A nice rockfish for my son
the boat limit
me and Joey with our rockfish

Friday, April 6, 2012

An actual fishing post, and another state falls from my list

Imagine, an actual fishing post on Flowing Waters. Not a shark tooth post, not a cat post. Real, honest to God fishing!

I recently spent a week in Texas and Louisiana working with a few of our reps in the field. During the course of the week in LA, we got a chance to sample some of the fishing the bayou is famous for. And I got to cross off another state from my list.

Dawn on the bayou

Those of you who actually read this mess may be familiar with a list I keep on the right hand side of the Blog. It is my quest to catch a fish in all 50 states. I have been stalled at 39 for a few years. This was my first opportunity to fish in LA, and I took advantage of it.

We spent the night in a fish camp near Cocodrie, south of Houma. We actually weren't too far from the home of Bayou Woman, a blog I still follow - see my list on right. (Great blog, btw) the morning had us launching the boat at daybreak and looking for trout..

Sometimes the birds were diving, other times they were just sitting. But there were fish below them

We caught plenty of these little guys. But catching any fish is good!

I love to fish new ways, and I had never fished with that standard of the trout / redfish world, the popping cork. We fished plastics under popping corks most of the day. The secret, like any tidal area, was catching the tide right, and looking for birds. Some things are universal. We spent the morning going from bird pod to bird pod. Some had a lot of fish, others a few. The trout were generally small - the 12" minimum was reached by maybe one out of 4 or 5 fish. As I found out, it is early for trout. They are moving from their wintering areas to the spawning areas. EVERYONE says come back in May / June / July and limits of big trout are the rule . Today was a good numbers day by my standards, although the locals thought it was pretty slow. I had a great time, we caught fish, and that's all the really mattered.

The grocery / gas / bait store on the canal

All i could think of was "Forrest Gump"

At the end of the morning, we ran across Lake (???) and fished some barrier islands on the outside of the lake with live bait. Here we got a few bigger trout, and one big redfish ate the guides bait. At least I thought it was big. We ended the day with 22 trout and 1 red.

A little better trout

Nice red

A wheelbarrow of fish, destined to become fillets shortly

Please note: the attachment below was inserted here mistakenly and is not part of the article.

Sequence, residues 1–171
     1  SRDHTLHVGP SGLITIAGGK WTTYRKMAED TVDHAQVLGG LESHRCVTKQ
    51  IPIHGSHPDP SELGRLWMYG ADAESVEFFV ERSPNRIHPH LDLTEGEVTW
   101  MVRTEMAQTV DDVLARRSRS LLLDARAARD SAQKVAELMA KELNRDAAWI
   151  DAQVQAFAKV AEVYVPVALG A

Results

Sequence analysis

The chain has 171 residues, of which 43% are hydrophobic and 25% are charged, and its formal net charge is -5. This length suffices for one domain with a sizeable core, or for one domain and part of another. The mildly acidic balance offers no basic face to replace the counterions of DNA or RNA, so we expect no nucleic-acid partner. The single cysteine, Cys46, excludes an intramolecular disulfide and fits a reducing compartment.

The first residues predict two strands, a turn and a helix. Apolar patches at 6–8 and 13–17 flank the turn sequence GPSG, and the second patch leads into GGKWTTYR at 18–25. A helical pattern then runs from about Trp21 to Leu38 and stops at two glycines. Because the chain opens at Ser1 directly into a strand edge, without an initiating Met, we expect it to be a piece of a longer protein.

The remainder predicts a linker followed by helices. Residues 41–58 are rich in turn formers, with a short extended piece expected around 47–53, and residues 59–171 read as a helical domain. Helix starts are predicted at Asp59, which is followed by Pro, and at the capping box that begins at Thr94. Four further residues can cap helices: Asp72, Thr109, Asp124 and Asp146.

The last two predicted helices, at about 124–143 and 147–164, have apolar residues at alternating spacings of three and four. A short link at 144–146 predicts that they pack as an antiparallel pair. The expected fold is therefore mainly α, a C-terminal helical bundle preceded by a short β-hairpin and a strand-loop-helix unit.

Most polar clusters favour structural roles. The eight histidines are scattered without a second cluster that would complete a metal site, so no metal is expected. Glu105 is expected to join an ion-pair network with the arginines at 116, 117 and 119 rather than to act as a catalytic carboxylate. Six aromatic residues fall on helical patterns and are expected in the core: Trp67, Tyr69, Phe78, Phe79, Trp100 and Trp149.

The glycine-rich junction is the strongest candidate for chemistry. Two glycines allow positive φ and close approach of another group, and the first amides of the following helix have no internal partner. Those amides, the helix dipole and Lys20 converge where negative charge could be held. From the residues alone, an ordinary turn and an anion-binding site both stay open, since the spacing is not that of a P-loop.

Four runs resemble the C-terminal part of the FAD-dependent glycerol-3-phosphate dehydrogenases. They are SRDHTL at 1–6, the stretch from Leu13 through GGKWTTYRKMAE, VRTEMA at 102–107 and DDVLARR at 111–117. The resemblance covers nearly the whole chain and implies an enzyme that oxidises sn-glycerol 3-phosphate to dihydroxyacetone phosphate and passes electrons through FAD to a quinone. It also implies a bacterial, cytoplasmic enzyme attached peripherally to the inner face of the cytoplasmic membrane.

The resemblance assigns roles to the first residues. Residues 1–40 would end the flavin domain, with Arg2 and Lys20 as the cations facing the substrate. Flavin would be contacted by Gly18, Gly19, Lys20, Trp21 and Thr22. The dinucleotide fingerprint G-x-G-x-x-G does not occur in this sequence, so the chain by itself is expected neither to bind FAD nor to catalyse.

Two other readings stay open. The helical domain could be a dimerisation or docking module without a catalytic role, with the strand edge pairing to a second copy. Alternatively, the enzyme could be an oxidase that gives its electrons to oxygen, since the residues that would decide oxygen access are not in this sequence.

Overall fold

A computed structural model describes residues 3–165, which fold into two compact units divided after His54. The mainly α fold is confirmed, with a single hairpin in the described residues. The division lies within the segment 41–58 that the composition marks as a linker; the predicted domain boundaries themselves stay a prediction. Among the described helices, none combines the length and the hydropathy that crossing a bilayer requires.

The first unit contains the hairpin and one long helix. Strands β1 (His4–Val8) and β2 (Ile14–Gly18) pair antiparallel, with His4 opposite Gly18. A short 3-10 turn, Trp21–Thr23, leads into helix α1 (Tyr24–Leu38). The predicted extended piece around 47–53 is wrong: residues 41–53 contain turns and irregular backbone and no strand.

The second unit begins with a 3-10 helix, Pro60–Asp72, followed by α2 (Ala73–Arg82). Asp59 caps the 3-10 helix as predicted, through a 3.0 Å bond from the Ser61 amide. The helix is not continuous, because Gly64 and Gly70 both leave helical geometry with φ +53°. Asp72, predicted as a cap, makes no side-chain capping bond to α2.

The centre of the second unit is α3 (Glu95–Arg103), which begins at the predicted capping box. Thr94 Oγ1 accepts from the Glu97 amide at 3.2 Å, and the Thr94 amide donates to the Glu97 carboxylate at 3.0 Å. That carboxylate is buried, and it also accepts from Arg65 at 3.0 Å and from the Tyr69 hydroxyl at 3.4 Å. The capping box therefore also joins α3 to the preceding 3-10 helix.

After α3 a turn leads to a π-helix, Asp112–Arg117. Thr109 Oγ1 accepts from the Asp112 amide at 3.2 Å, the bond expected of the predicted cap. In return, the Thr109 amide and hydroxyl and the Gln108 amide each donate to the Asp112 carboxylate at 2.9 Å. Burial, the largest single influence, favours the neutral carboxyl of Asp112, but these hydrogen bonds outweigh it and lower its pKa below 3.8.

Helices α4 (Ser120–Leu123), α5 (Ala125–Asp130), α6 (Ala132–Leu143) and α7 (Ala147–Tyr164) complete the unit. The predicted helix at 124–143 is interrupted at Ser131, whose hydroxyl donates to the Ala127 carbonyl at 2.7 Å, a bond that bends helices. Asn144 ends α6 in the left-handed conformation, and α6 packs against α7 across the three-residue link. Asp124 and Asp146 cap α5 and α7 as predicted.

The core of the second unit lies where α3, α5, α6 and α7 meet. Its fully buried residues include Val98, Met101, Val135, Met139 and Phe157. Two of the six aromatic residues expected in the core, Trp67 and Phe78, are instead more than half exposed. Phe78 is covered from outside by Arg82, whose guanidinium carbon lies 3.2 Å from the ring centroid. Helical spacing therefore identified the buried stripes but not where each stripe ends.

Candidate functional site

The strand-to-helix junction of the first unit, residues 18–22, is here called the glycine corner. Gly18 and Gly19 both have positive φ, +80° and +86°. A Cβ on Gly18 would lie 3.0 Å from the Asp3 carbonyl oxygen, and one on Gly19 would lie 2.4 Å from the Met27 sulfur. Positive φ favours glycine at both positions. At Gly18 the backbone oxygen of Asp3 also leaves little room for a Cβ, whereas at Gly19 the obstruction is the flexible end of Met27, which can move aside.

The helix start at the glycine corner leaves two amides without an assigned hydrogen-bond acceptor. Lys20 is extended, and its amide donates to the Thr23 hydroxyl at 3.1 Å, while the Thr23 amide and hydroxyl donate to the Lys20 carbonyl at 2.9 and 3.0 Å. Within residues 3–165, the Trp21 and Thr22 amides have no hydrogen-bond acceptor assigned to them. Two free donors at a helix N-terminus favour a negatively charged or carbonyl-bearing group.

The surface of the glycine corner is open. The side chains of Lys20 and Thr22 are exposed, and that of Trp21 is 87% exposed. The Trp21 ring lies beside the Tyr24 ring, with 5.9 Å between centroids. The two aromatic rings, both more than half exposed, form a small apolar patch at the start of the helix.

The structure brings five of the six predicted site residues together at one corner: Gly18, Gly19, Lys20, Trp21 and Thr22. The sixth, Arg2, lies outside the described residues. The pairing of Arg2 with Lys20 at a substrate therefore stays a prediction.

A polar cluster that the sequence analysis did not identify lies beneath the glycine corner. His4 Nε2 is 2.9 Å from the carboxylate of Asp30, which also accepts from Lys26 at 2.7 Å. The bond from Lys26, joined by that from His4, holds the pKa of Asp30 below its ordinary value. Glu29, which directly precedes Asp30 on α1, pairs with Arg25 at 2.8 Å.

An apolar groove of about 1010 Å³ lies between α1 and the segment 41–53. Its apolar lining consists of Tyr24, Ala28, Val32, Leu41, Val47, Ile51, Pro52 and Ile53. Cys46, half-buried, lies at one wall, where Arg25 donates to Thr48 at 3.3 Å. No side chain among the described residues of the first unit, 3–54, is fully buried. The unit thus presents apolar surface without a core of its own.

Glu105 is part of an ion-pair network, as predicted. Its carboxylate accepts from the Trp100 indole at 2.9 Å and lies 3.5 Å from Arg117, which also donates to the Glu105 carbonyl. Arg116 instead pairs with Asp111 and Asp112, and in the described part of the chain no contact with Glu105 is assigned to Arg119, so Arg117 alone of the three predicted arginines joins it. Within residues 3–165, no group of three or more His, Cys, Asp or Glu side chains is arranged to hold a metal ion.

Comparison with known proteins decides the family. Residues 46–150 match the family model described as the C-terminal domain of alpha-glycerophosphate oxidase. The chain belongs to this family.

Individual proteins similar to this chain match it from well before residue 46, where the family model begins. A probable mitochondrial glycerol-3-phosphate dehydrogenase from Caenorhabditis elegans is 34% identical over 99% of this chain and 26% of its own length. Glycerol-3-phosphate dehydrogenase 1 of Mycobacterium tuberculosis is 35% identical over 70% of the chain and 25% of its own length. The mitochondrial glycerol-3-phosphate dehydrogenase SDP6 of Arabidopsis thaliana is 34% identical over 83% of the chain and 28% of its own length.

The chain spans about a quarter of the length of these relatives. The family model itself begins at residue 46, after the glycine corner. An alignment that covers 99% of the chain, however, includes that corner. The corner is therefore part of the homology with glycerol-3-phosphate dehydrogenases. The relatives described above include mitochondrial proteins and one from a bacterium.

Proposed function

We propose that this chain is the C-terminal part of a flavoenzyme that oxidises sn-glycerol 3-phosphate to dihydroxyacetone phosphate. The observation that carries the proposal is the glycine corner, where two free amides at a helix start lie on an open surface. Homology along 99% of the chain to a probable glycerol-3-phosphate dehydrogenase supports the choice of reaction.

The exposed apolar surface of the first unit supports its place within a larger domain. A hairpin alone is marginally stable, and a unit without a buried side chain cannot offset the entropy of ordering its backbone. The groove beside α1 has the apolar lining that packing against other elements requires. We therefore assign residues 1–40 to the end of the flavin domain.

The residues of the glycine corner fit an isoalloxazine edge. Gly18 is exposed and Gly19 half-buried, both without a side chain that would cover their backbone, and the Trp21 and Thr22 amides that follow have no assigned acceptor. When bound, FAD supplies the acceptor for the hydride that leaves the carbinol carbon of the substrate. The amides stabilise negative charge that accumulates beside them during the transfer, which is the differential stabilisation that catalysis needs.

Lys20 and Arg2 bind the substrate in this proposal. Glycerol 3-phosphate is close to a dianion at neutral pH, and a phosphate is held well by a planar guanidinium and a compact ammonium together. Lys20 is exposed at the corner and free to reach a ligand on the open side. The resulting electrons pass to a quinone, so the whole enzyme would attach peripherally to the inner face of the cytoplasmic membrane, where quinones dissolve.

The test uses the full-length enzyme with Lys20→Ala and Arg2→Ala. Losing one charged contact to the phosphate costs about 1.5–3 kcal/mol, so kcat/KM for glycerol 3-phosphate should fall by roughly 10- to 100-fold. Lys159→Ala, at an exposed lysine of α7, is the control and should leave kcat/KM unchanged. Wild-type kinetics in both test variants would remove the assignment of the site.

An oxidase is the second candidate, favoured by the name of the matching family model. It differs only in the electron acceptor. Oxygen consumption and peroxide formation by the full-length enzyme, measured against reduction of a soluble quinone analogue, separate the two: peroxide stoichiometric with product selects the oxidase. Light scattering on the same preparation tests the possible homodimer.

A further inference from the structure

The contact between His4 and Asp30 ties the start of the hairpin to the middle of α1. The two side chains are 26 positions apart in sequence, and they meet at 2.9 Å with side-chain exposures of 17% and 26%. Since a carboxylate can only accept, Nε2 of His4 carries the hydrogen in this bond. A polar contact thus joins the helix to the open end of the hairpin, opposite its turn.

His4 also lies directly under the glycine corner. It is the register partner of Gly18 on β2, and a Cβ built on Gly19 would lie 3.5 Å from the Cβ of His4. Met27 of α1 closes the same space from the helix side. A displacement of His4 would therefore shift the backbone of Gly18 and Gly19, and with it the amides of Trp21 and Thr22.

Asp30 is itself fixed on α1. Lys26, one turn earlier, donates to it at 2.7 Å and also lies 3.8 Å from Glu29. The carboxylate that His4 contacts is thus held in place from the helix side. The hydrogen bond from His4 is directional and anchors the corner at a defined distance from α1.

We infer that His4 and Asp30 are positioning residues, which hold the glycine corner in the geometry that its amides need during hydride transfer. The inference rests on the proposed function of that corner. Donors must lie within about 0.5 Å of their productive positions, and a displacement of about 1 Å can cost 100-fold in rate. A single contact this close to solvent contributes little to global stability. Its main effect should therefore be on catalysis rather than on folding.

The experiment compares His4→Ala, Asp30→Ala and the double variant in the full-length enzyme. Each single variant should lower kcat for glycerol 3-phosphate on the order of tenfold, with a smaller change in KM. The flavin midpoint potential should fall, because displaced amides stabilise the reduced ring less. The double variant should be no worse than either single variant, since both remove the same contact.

Beautiful day on the water, took some delicious fillets home, and knocked off another state on my quest. Doesn't get much better than that! And I think I've got another state or 2 up my sleeves this year!

Wednesday, April 4, 2012

More teeth, and sometimes it's good to be pathetic

We continued on our quest to find more fossilized shark teeth. It's really just a good excuse to get outside and walk along the beaches, but I am really intrigued by this whole fossil thing. We're finding more and more of them, but all the ones we find are very small. My wife and I both keep thinking we'll find some bigger teeth sooner or later, but so far - just little stuff.

The interesting factor with this new "sport" has to do with the tides. The generally accepted principal is to go out on a falling tide, about halfway between high and low tide. We've been finding more, though, on high tides. Go figure. This past time out was a high tide so we had only a small section of beach to explore (the water goes tight against the cliffs at high tide and, unless you wear waders or the water is warm, you are stuck with a small piece of beach)

sand tiger shark (l), snaggletooth shark (r)

Fossilized porpoise tooth

Crushing plates (skutes) from Eagle Ray

All fossils are 13 - 15 million years old

Still, we were finding s lot of fossilized Sand Tiger Shark teeth and Gray Shark teeth on the short stretch of beach. We did, however, find our first fossilized porpoise tooth - pretty cool, actually. A local fossil guy came by and asked how we were doing - we replied with the usual "finding a few small ones". He reached in his pocket and gave my wife a "small" megalodon tooth he had just found about 50' away! "Small" was his verbage - not ours. I would have been doing backflips down the beach if I had this. He showed us pictures of one twice as big he found the week before.

Megalodon tooth. This one is not a "great" find (to the hard core fossil folks) because it is small, the point of the tooth isn't perfect, and a section of the serations on one side are missing. I think it's pretty darn cool, though.

Our best finds of the day

I guess that's what keeps you coming back. And why being a pathetic fossil hunter sometimes pays off.